Kathy Gibson reports from Gitex Africa 2024 Morocco – As the digital agenda takes off, countries across Africa are racing to provide the basic infrastructure needed to make it a reality. But years of state-owned telco monopolies and a shortage of funding mean governments are looking to the private sector for solutions – and Chinese vendors are the ones stepping up.

Speaking on a panel discussion at Gitex Africa 2024, Ibrahim Sannoh, deputy-minister: communication, technology and innovation in Sierra Leone, explains that his country has connected 14 out of 16 districts to fibre, thanks to a loan from Huawei.

Sierra Leone is making progress in creating a digital economy. So far around 40% to 50% of its citizens are connected, either via mobile or fibre. Government departments are connected, and the state has begun rolling out a national identity number that will be the first step towards a digital identity.

But government on its own cannot pay for all of this, Sannoh says. “We are looking to the private sector to innovate in every aspect on the entire African continent.”

Sannoh urges vendors to come to their aid – but they have to make the approach, and make it easy to do business with them.

“If you don’t move to government, it will be difficult for government to move to you. The Chinese vendors know this: they come to us, they do the design, they do the costing, and they facilitate the funding.

“We don’t need just connectivity: there are many other things like e-government or accessing digital services. As long as you are credible and know what you are doing, come to us. But you have to be ambitious and aggressive like the Chinese companies.”

Alfred Nortey, director for the finance and administration directorate in Ghana’s Ministry of communication and digitisation, agrees that private sector companies need to make the approach to government.

“When we fund connectivity, the private sector also benefits from it,” he points out.

Solutions must still be cost-effective, though. “Huawei has come up with a viable rural solution that is cheaper than others,” Nortey points out.

Together with Sierra Leone, Ghana and Ethiopia are among the African countries on track to get their citizens connected.

Ghana has a digital agenda, and is currently connecting rural areas to the Internet through a programme that seeks to implement 2 016 cell sites that telcos can tap into.

Dr Belete Molla, minister of technology in Ethiopia, says his country has revised policies to keep pace with technology advances, and has laid out a five-year digital strategy.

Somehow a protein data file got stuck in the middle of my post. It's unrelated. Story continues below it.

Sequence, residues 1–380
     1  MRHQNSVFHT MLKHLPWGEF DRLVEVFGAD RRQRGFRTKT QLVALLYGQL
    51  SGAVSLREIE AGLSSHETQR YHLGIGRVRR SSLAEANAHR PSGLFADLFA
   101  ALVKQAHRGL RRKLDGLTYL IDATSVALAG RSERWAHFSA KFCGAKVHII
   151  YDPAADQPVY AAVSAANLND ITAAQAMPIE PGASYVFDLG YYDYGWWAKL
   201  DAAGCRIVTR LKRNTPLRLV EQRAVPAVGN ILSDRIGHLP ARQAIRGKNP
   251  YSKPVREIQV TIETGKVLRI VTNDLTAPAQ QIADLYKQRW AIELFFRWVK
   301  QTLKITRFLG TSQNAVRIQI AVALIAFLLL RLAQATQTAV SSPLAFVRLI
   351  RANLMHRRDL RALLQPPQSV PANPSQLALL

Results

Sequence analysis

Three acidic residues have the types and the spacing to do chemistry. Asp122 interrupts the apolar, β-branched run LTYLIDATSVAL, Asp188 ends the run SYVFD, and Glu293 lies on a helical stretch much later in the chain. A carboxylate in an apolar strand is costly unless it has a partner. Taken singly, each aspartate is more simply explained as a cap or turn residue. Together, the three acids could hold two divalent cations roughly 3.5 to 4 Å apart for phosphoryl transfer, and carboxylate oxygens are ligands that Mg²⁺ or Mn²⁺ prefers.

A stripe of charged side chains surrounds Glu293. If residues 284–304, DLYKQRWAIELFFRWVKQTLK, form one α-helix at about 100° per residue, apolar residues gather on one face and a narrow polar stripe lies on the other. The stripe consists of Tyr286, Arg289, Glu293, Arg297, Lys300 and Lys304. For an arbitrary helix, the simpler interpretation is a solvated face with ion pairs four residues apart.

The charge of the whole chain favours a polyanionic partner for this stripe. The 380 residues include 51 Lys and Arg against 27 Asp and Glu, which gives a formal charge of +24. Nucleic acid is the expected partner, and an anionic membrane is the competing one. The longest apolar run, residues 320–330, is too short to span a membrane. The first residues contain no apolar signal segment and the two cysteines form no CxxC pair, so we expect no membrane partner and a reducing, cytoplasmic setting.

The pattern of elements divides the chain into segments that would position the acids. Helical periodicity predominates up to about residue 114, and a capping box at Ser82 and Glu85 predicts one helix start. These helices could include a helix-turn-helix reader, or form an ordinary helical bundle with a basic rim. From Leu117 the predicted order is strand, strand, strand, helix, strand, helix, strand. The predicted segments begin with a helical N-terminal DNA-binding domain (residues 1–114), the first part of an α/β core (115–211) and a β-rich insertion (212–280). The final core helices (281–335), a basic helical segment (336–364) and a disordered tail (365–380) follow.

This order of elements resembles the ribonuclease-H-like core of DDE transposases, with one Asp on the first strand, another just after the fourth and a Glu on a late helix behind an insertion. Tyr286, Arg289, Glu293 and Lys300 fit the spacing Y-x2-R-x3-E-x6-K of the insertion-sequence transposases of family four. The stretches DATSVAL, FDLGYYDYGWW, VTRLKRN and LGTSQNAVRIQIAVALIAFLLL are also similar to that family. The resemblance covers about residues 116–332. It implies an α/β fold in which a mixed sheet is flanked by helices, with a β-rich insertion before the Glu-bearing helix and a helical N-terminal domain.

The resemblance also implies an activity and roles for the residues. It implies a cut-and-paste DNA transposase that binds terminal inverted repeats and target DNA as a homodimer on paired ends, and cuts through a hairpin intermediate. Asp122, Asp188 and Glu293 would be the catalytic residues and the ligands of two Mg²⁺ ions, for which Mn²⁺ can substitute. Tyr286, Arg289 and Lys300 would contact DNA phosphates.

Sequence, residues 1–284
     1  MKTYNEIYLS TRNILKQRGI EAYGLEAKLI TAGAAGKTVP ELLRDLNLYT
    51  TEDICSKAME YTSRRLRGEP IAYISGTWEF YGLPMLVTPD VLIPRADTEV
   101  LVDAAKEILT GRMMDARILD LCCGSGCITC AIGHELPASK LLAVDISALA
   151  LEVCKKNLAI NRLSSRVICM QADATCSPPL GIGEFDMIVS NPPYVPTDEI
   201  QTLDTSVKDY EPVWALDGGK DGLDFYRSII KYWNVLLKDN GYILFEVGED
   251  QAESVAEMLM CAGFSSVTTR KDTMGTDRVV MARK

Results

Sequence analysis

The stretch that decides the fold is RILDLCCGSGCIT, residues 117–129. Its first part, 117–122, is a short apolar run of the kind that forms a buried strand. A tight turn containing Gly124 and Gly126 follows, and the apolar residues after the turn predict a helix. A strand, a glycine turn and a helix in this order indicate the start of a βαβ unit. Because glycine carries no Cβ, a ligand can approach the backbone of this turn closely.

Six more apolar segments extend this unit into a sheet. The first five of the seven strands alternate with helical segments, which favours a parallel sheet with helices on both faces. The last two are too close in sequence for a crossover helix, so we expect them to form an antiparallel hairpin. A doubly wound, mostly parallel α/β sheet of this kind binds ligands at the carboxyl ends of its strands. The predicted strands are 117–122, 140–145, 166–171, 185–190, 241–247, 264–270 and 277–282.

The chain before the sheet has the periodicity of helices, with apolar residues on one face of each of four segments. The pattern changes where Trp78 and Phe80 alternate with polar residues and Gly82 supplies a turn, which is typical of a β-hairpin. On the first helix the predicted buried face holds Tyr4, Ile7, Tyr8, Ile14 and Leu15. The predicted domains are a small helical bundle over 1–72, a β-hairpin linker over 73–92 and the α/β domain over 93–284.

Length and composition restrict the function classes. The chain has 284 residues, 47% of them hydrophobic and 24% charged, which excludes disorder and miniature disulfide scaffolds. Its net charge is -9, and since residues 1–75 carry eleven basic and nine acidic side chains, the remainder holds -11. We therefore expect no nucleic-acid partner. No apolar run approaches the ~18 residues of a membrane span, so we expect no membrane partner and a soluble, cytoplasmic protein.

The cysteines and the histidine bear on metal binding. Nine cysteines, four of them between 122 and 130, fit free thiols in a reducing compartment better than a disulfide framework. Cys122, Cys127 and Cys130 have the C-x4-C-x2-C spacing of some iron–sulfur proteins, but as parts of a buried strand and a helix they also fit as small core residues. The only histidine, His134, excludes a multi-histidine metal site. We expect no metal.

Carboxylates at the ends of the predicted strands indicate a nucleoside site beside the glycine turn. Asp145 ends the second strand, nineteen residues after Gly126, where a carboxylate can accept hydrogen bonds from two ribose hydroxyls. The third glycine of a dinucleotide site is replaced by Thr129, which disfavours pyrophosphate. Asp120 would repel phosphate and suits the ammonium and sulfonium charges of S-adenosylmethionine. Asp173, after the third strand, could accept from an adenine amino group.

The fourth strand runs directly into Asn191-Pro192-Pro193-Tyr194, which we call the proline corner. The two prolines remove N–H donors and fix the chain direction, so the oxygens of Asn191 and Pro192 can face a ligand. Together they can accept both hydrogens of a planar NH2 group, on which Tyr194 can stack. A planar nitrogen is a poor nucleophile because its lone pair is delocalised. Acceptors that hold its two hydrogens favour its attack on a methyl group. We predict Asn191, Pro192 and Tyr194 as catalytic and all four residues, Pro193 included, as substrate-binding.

A key factor that will enable these plans is increased competition.

Sannoh explains that an earlier World Bank loan had seen Sierra Leone connect to a submarine cable, but connectivity costs were very high.

“Now we are trying to unbundle to let the private sector take over the connectivity. This has driven expansion: there are now three mobile telcos connected to the subsea cable, and we have seen the costs come down.”

Ethiopia has also liberalised its telecoms industry.

“For the last 130 years the telecoms industry was run absolutely by Ethiopia Telecom,” Dr Molla explains.

The telco has managed to connect 70-million citizens through either fibre or mobile – a massive number, but one that still leaves almost half of the populous country unconnected.

“We invited Safaricom as a second operator three years ago and it now reaches an additional 10-million people, of which 5-million are using data.”

With a population of 120-million, that means there is still a long way to go to achieve a digital economy. “It’s a challenge we are conscious of,” Dr Molla says. “Government cannot achieve these goals without partnerships.”

What government can do is to mobilise resources and ensure the right policies are in place, he says, but the private sector is going to be key to reaching especially rural and remote areas.

Ethiopia will soon go out to tender for a third telco licence.

All of the panellists agree that digitalisation is vital as they seek to liberate the creativity and economic potential of their young populations.

“Skills and talent are everywhere, but often in the rural areas it is being wasted or not used to its potential,” says Dr Molla. “It needs to be nurtured and developed so we can channel it to economic development.”

Connectivity is the key, and a fundamental enabler for economic growth, he adds.

Sannoh believes the value of connectivity is human: and, as it impacts the minds of young people, it will improve the GDP.

Sierra Leone has set up a special economic zone close to a technology-centric university, where technology startups can be nurtured and helped to grow. Private sector companies are encouraged to invest in the economic zone, and are being wooed with preferential tax breaks.

Ghana is implementing a similar concept, says Nortey. A facility in Accra that gives young innovators space is being replicated in other areas of the country.